We have reached April and the spring season; the time of year when divorcing couples either fight over tax deductions or stupidly sign joint income tax returns when they should not.

Here are some tips that might save you a call to the lawyer and the bill associated with that call:


1.             Tax Deductions:

You get a tax deduction just for being alive and you get one for each dependent child who lived with you for more than half the year.  A deduction is a subtraction from income and for the 2009 tax year (the return due in April, 2010) the deduction is worth $3,650.00.


Does this mean that by claiming the child you save that amount in income tax?  No.  You get to reduce the amount of income you pay tax on by $3,650.00 . So, if you earned $50,000 in 2009, you will only be taxed on $46,350.  This is a good thing.  But what is that deduction really worth?  To figure that out, you need to know your marginal tax bracket.  People seem to think that their tax rate at the Federal level is 33% – 35%.  It might be, but you have to earn a lot of income before the government starts to tax you at that rate.  Most Americans fall into marginal brackets of 15% – 28%.  That means that the real tax savings from the personal deduction (also called an “exemption”) is either 15% or 28 % of the $3,650.00.


As a result, deducting the child saves you either $547.50 or $1,022.00 in actual income tax.  You need to know this because you may allow a non-custodial parent to take the deduction (Form 8332) and you might even get the person to give you something for the deduction if his/her tax rate is higher than yours.


Who gets the deduction?  The parent with primary custody during the tax year, not the parent who paid more support.  If you equally share physical custody of the child, the deduction for the child goes to the parent with the higher income no matter who spent the most on the child.


2.             Tax Credits:

There is also the animal known as a “tax credit.”  A credit, unlike a deduction, is an actual credit on the tax you owe, unlike a deduction or exemption which lowers the amount of income subject to tax.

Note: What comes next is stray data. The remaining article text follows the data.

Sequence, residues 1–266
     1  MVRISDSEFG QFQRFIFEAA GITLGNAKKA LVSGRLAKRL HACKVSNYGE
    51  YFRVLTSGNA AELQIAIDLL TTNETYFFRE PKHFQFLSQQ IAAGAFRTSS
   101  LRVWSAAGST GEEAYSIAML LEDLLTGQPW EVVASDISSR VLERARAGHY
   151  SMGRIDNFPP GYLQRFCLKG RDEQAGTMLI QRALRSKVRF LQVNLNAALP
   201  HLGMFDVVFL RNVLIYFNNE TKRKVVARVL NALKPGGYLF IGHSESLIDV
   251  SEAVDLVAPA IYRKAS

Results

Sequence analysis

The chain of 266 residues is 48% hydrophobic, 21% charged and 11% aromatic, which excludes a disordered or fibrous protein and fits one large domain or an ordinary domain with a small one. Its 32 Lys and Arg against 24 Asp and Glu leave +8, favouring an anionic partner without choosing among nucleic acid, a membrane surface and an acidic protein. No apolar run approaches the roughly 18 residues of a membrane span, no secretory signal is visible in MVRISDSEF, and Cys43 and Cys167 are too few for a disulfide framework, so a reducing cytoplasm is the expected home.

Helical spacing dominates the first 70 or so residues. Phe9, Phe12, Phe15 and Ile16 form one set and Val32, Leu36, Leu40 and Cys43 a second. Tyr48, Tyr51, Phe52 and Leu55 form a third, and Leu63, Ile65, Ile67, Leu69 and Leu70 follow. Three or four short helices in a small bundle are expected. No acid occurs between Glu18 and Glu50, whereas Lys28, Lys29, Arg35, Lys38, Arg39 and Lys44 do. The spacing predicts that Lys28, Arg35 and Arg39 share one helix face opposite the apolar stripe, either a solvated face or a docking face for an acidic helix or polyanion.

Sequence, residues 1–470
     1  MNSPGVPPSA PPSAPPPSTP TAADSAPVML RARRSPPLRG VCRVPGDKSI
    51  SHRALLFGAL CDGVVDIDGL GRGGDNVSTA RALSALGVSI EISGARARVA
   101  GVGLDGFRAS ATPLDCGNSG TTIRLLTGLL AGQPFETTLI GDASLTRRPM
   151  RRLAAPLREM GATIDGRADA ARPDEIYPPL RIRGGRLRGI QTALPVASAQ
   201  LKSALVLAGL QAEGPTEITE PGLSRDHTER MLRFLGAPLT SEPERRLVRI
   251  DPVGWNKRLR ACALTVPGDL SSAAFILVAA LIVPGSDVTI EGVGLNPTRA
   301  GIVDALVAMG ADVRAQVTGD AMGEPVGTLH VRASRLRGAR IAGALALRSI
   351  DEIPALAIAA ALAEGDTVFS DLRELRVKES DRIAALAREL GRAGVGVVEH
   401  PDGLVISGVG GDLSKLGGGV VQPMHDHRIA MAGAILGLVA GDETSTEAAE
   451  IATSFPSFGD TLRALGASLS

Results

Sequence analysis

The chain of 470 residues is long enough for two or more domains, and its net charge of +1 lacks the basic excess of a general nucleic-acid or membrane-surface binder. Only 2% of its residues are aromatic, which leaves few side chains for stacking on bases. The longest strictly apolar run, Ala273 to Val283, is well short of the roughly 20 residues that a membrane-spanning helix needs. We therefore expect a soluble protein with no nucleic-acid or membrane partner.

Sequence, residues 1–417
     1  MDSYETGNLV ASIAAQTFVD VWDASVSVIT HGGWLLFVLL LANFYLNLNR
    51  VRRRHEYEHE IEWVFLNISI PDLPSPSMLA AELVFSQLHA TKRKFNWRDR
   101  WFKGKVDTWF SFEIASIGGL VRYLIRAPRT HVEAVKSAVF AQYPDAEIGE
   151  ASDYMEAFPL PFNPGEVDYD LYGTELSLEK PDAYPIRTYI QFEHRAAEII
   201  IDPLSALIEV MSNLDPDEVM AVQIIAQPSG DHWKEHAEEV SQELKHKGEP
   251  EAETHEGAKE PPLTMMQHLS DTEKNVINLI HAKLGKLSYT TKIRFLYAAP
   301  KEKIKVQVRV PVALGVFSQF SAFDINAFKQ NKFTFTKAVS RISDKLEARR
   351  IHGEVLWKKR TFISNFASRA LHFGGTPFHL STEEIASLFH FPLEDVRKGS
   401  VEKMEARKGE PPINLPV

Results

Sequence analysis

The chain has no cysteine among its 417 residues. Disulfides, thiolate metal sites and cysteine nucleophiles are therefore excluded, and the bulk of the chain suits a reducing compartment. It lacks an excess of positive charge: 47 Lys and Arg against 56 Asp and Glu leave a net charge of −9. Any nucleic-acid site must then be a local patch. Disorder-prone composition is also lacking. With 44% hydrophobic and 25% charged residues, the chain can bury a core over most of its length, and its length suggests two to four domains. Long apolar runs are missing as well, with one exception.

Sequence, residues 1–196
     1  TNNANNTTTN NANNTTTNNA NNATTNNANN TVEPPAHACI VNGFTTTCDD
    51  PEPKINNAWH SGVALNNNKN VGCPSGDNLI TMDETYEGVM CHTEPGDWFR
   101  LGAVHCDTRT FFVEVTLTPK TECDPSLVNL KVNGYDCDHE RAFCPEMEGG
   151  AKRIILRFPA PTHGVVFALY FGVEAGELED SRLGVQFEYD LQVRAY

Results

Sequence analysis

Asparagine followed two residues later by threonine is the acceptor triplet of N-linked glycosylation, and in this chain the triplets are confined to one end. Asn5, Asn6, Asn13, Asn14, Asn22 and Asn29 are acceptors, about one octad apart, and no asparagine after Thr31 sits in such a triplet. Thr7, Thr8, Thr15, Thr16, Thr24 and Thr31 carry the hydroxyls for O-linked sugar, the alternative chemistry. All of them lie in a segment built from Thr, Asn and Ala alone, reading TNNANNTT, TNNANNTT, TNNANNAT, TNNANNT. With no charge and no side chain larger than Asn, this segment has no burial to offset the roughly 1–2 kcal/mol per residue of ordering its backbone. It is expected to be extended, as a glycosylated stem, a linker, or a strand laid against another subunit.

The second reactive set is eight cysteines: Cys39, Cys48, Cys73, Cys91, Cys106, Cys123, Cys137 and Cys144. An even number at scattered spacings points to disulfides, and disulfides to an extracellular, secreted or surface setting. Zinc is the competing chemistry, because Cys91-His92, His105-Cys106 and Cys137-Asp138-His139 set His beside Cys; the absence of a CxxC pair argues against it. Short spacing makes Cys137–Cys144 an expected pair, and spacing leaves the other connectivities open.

There are tax credits for what you pay for dependent day care.  You can claim the credit if you pay the day care even though you don’t get to the deduction for the child.


3.             Joint Tax Returns:

If your recently separated spouse shows up at your door with a joint tax return this month and you have not had time to discuss it with your attorney; DO NOT SIGN the return. This will make your spouse angry but that is not our purpose (even though it might be yours.)


A joint tax return is a joint liability.  When you sign the return you are warranting that it is accurate.  Make certain that it is.  Or at least get a written agreement that if it is not, you will not be the one paying the bill.  This is especially true where income comes from self employment or a closely held business such as a Subchapter S corporation.


Most folks just sign these returns out of habit, others do it to avoid a fight, and some do it because their spouse shows them they will get a refund that can be shared.  Just be aware. The return with the $3,000 refund could be a return that costs you $10,000 if the IRS finds that the return is inaccurate by $30,000.  And unless you can shoehorn yourself into a status called “innocent spouse,” the IRS has the right to collect all of the tax from either joint filer, no matter who was responsible for producing the income.


If you want to avoid a fight or at least make it a smaller one.  Download the form the IRS has on its site for a tax extension to August 15.  The grant is automatic if you pay any tax due for 2009 by April 15 when you file for the extension.